That's not a bad thing, but something you should know up front.  The similarities end with the names of the dad and the kids...and the fact that there are penguins.  It is a really cute movie with really nothing questionable, although it is rated PG.  We felt very comfortable with Caleb watching it and never gave each other the uh-oh-maybe-this-was-a-bad-idea glances over his head!  Caleb loved it and had quite a few laught-out-loud moments!  It's a great family movie.

Thursday, February 16, 2012

Vote for Caleb and Abby!

I have entered a photo contest sponsored by MOPs (Mothers of Preschoolers).  I included 3 different photos of Caleb and Abby, so please vote for can vote up to 5 times a day!  Thanks!  :)


Emily is a 17 year old who has been such an inspiration to me in the last two weeks or so that I have had the pleasure of knowing her!  You see, Emily has know, Cerebrocostomandibular Syndrome.

And she is 17!!!

I have really enjoyed getting to know her story and emailing her mom.  With Emily's permission, I wanted to share the blog she just started about her journey with CCMS.  I hope that you will check it out and give her some blog love!!  She is a lovely girl, and I hope that we will be able to meet face-to-face one day.  Until then, I will happily read her blog with tears in my eyes.  :)

Wednesday, February 15, 2012


Little Mozart has discovered the piano!

This girl LOVES music.  She dances and claps to any kind of music, and really enjoys the piano.  Her favorite song is "Little Red Wagon" by Raffi.  She starts bumping up and down as soon as you start singing it!

As a fun giveaway to celebrate 200,000 hits, I want to hear about your favorite songs!  Simply leave a comment here, on Facebook, or through email sharing your favorite song, the name of the writer/band, and a short little statement about why you love it!  You can enter up to 3 songs!  Just post each entry separately, because I'll be numbering all of the entries and having Caleb choose a number.  Multiple songs in one comment will only be counted as one entry.

As a bonus, you get an extra entry if you link this giveaway to your own blog or Facebook page!  Just write in a comment that you did so.  (You can get an extra entry for each one if you put it on your blog and FB page!)  :)

All entries must be in by Sunday night at 7 p.m.  Caleb will choose a random number at that time, and I'll post the winner later that night! 

The winner will receive several exciting Lock and Lock gifts, including a set of Hello Bebe food dishes, a set of EZ Lock round containers, a set of EZ Lock rectangular containers, and a cosmetic case. *  Woo hoo!!  :)

**  Please note that I am a Lock & Lock supporter and get these gifts as a thank you for blogging about the products. 

I can't wait to hear some of your favorite songs!!

Need a Little Inspiration?

I love this picture.  Look carefully at the wall!  This is the photo I use for the Rare Love icon on Facebook.

I'm a big fan of this one too.  :)

And some days, this is my mantra!

Tuesday, February 14, 2012

Conversation Hearts for Special Needs Parents

I thought these were pretty funny...beware a tiny bit of language! 


We've hit 200,000!  You know what that means????  Another giveaway!  Stay tuned for details!

We actually hit 200,000 last night, I think.  I'm not sure.  I was much too busy holding down a screaming, thrashing little boy so that Matt could get the blasted eye drops in while Abby smacked poor, defenseless Caleb on the head to notice the exact time.  I can't wait until we're done with these drops.  Come on, Wednesday night!!

Stop the Word

The "R-Word" (used to describe people with intellectual disabilities) is very offensive to me.  Way before I was blessed to have Abby in my life, I hated the word.  And I've said that before.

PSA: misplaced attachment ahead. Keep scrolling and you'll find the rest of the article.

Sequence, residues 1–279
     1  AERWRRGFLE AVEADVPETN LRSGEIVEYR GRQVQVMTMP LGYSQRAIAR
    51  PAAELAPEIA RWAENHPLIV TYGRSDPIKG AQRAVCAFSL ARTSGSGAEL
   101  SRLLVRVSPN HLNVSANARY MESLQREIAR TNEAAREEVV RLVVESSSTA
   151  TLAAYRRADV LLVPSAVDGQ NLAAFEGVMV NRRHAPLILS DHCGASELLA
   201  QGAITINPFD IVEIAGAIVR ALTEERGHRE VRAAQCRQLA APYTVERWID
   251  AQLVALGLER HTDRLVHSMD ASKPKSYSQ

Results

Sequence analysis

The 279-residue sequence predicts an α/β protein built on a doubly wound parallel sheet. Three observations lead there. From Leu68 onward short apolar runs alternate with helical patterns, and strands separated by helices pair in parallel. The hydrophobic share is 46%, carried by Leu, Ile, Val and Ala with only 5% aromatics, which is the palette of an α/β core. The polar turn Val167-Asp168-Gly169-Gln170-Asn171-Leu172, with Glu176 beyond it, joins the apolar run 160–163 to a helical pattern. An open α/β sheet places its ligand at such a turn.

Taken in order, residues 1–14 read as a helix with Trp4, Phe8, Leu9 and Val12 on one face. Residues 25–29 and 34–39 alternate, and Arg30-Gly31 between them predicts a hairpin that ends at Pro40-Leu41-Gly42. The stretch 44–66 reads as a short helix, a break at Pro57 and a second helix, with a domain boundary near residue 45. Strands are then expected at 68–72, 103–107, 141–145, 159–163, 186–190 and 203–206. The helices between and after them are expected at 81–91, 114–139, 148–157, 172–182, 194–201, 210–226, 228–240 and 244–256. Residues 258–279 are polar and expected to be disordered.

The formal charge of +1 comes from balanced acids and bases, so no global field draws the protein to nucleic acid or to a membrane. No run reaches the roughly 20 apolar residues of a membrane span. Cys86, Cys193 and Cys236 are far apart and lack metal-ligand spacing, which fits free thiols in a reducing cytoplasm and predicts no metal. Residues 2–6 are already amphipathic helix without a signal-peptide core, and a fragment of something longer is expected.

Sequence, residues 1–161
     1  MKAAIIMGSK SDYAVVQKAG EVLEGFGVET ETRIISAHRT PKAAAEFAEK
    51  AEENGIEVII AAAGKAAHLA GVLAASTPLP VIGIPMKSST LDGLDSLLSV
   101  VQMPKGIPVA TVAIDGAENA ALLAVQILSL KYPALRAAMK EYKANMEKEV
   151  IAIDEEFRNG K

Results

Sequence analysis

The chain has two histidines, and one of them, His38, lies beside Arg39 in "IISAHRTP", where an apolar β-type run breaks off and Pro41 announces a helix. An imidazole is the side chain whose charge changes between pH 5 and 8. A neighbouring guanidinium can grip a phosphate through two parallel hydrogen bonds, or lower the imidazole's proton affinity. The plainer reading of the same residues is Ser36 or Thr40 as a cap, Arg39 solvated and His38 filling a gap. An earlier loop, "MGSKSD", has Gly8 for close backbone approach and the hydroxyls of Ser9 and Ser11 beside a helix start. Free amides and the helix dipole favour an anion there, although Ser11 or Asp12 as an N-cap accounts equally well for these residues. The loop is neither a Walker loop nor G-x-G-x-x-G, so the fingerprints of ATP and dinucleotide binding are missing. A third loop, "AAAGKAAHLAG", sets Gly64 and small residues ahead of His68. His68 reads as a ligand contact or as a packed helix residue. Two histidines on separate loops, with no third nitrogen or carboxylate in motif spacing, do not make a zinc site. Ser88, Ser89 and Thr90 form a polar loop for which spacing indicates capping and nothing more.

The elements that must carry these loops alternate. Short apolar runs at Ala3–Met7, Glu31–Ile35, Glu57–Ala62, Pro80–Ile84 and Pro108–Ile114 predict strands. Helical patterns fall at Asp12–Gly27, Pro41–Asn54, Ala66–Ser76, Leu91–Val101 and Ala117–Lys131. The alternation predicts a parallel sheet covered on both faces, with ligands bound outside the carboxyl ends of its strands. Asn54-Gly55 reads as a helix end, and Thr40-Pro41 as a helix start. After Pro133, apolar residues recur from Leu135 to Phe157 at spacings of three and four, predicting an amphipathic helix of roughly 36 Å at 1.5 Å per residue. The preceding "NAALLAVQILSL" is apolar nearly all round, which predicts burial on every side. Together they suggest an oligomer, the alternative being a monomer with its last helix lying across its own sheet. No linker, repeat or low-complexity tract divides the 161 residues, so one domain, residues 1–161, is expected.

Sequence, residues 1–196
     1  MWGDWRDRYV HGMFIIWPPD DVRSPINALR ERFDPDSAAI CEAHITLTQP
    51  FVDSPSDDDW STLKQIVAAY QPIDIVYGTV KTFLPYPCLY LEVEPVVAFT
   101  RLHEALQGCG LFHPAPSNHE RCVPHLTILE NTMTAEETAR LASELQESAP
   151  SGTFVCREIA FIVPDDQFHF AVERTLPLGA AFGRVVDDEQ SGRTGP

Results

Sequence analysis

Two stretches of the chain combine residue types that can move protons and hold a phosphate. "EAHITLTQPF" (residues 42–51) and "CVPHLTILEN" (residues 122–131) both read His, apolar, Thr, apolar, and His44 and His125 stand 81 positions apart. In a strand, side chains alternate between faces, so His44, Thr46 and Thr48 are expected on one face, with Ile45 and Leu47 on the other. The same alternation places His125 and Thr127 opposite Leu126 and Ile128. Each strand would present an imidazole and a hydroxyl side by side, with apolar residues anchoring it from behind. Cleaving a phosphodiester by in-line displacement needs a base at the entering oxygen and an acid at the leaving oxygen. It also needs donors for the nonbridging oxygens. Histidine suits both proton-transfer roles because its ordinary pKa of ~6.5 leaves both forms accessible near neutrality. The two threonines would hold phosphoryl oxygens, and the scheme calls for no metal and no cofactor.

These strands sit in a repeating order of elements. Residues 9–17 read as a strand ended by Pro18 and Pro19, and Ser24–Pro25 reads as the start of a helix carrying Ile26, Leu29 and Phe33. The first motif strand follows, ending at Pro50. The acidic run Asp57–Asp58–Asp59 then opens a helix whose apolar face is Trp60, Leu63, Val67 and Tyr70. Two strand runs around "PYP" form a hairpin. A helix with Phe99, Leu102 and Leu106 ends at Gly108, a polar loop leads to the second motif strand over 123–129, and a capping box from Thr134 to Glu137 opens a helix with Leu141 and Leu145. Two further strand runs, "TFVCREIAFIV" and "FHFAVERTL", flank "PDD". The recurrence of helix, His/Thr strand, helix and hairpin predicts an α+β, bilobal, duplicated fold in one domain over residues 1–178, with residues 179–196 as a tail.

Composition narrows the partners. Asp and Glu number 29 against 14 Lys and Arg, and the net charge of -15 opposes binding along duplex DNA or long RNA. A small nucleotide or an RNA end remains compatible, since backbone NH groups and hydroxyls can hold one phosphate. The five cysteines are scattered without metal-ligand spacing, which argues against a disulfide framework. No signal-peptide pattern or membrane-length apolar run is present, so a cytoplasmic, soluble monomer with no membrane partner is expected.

I came across this blog post, which is one of many I have enjoyed from Love That Max.  Ellen's writing is real and from the heart.  She also has a whole lot of courage to do the Twitter experiment she did!  I am too worried about getting people mad at me, but she showed a lot of guts!

If you're an "R-Word" user, it would be an awesome Valentine's Day gift to the millions of children and adults with intellectual disabilities (and those who don't, but people assume they do because they're in a wheelchair, on a ventilator, etc.) if you'd consider a different word. 

From a mom who hopes the term is never aimed at her daughter.

Monday, February 13, 2012

Does Blogging Creep You Out?

If you look on the right side of the blog, you'll see little icons with pictures of some of the people who follow my blog....or at least the ones who linked up using Google Friend Connect!  Of those 71 people who are currently following, I don't know over half of them. 

We're about to approach 200,000 hits...before I went into the hospital with Abby, I had a little over 5,000 hits total in almost 4 years.  I now get about 1,000 hits a day, and I know they're not all from my mother!  ;)

Does that freak me out?


I'm not naive.  I know that putting our life out on the internet has dangers.  I try to be very careful not to give anything more than our general Maryland location and do a lot of initials for places we go.  I don't link to local places and only include the names of friends' kids with their permission--especially now that more than 6 people read it on a regular basis!

But the reason that I choose not to worry about the dangers of the internet is because it is so utterly clear to me that God is using my blog to reach people.  I love connecting with others and it puts a smile on my face when I get an email thanking me for encouraging them.  It is reassuring to know that God has a reason for putting us in this place and is using our challenges for good.

No, nobody commented about me putting my life out there for all to read, or that public blogging is dangerous. If they're thinking it, they're not saying it! :) It's just been something I've been pondering recently, and I actually think it's kind of funny that a worrier like me is not worried about this!